It’s Not About YouDaily Reflection / Produced by The High Calling
He took some bread and gave thanks to God for it. Then he broke it in pieces and gave it to the disciples, saying, “This is my body, which is given for you. Do this to remember me.”
Children often wear their self-centeredness on their sleeve. When the family is making the long drive to Grandma and Grandpa’s house, for example, a seven-year-old might say: “I’m bored. I don’t want to go to Grandma and Grandpa’s house anyway. There’s nothing to do there. I wish we weren’t even going.” Many a parent would respond with something like: “It’s not about you. We’re going because it makes Grandma and Grandpa happy. So stop complaining. This is not about you.”
When Jesus and his disciples shared in the Passover meal together, they remembered how God had delivered the Israelites from slavery in Egypt. The various foods and cups of wine each had special meaning, pointing to different aspects of the exodus experience. So you can imagine how startled the disciples must have been when Jesus did something unexpected and confusing. He took some of the bread from the meal and said, “This is my body, which is given for you. Do this to remember me.” Then, a little later, he did a similar thing with one of the cups of wine.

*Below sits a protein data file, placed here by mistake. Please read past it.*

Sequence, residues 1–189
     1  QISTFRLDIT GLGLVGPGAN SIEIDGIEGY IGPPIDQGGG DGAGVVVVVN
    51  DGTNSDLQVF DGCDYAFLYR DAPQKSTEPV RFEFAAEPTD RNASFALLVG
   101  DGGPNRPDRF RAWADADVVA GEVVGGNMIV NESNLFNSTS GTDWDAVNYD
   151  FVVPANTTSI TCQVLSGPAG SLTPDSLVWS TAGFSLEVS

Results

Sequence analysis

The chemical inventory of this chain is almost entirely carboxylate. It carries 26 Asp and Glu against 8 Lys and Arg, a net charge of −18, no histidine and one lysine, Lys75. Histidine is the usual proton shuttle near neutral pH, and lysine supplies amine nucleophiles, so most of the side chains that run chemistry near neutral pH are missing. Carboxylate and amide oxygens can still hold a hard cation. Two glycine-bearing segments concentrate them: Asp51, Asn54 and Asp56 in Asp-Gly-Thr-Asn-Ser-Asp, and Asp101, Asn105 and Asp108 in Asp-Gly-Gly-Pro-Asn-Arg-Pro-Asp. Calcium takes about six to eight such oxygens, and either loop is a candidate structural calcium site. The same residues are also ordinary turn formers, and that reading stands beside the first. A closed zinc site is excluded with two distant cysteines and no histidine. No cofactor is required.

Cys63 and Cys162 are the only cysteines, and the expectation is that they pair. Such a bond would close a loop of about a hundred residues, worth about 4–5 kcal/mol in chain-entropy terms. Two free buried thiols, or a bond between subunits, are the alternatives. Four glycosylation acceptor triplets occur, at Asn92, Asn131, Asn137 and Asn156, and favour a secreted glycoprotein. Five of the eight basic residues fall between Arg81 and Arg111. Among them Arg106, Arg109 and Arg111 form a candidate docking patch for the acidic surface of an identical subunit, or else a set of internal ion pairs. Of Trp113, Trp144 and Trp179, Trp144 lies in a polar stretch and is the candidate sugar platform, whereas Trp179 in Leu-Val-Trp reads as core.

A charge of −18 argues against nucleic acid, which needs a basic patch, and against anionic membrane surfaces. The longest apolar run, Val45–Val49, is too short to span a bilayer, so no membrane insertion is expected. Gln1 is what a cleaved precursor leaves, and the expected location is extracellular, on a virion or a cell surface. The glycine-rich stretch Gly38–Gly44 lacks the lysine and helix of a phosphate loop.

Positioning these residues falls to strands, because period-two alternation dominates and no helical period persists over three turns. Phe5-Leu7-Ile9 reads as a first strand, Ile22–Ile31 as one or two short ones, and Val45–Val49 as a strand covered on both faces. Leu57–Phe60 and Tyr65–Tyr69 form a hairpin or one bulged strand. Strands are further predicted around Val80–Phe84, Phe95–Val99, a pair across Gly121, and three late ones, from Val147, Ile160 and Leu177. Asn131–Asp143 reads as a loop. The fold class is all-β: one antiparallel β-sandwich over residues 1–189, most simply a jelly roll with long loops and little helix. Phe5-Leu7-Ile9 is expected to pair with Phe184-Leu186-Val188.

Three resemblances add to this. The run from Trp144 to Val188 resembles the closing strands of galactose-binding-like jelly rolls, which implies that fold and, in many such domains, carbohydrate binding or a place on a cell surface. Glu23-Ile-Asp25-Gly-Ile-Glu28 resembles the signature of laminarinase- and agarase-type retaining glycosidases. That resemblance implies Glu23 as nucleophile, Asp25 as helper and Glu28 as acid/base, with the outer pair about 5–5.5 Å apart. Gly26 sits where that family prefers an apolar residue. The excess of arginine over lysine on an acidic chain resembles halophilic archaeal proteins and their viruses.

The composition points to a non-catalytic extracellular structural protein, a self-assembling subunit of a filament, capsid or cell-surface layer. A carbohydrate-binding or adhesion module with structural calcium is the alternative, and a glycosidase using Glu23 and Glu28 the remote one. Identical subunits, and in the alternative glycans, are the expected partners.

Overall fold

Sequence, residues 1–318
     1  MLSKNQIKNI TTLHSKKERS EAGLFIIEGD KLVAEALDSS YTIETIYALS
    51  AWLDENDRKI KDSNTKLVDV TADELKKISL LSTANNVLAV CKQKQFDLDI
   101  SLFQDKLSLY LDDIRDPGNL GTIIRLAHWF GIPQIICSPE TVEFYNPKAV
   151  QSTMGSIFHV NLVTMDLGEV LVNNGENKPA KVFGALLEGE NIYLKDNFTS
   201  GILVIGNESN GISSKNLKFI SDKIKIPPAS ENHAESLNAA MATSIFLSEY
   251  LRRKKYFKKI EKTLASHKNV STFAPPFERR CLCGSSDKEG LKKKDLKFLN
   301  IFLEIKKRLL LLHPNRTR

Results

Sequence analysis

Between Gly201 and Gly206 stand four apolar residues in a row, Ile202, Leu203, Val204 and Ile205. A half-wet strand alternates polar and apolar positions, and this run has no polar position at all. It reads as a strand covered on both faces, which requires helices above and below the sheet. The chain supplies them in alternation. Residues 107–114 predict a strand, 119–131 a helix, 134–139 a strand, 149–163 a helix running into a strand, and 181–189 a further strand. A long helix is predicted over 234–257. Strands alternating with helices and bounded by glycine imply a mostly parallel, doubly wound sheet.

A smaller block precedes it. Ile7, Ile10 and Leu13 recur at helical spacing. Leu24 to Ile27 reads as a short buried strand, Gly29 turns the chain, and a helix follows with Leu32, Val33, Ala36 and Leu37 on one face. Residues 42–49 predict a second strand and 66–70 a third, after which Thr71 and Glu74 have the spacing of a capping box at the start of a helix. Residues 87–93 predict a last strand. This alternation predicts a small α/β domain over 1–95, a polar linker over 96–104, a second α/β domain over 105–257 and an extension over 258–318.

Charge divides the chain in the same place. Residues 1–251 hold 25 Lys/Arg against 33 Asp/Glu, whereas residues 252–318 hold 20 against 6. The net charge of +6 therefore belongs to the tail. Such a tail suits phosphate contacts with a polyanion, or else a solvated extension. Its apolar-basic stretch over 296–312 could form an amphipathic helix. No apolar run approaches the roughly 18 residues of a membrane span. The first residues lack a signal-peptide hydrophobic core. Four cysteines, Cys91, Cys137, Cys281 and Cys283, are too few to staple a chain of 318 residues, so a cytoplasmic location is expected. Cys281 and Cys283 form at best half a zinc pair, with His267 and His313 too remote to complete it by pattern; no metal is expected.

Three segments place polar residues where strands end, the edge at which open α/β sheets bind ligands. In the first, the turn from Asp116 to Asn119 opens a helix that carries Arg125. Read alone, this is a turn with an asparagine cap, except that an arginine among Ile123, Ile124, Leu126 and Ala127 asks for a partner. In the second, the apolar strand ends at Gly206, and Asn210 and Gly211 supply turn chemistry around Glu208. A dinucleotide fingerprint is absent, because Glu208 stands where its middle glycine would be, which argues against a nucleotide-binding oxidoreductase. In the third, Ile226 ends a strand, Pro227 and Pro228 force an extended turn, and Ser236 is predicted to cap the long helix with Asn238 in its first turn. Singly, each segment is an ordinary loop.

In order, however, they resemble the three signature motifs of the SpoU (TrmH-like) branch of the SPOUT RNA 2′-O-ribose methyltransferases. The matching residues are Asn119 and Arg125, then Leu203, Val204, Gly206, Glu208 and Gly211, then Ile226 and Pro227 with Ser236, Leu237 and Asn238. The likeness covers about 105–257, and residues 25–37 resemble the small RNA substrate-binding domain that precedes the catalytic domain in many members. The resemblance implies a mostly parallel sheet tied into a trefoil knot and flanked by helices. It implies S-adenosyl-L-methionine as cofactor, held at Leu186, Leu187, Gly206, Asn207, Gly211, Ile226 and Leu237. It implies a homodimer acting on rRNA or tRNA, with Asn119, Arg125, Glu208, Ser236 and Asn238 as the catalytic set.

How unsettling! How apparently self-centered! I’m actually surprised that Peter didn’t speak up at that point and say, “Master, it’s not about you. This is about how God saved his people. We do this to remember him and our experience of his mercy. It’s not about you.”
But, in this case, Peter would have once again missed the point. Yes, the Passover did point back to God’s deliverance of the Israelites from Egypt. But it also pointed ahead to the greater deliverance yet to come. The Passover did indeed point to Jesus. Through him, God was about to save, not only the children of Israel, but, indeed, the whole world. This time, the blood that saves would not be that of actual lambs, but rather of the Lamb of God who takes away the sin of the world.
Because the Passover is about Jesus and his sacrifice, it is also about you. When you put your trust in Jesus as your Savior, when you accept his sacrifice for your sin, then you participate in the meaning of the Passover. You are welcomed into the family of God through the broken body and shed blood of Jesus.
QUESTIONS FOR FURTHER REFLECTION: How do you understand the meaning of Jesus’ death? In what ways does his death for you make a difference in your daily life?
PRAYER: Lord Jesus, thank you for using the Passover to help us understand the meaning of your death for us.
Thank you for giving your body to be broken for me. May I always remember this amazing gift.
Thank you for offering your shed blood, so that I might enter into a new kind of relationship with God.
All praise be to you, Lord Jesus, because the Passover really is about you. Amen.